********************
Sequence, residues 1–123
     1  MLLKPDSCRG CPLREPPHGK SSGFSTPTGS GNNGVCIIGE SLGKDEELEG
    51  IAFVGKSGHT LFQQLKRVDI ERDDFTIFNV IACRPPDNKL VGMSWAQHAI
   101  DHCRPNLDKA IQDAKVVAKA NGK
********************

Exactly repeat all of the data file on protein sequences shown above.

Sequence, residues 1–123
     1  MLLKPDSCRG CPLREPPHGK SSGFSTPTGS GNNGVCIIGE SLGKDEELEG
    51  IAFVGKSGHT LFQQLKRVDI ERDDFTIFNV IACRPPDNKL VGMSWAQHAI
   101  DHCRPNLDKA IQDAKVVAKA NGK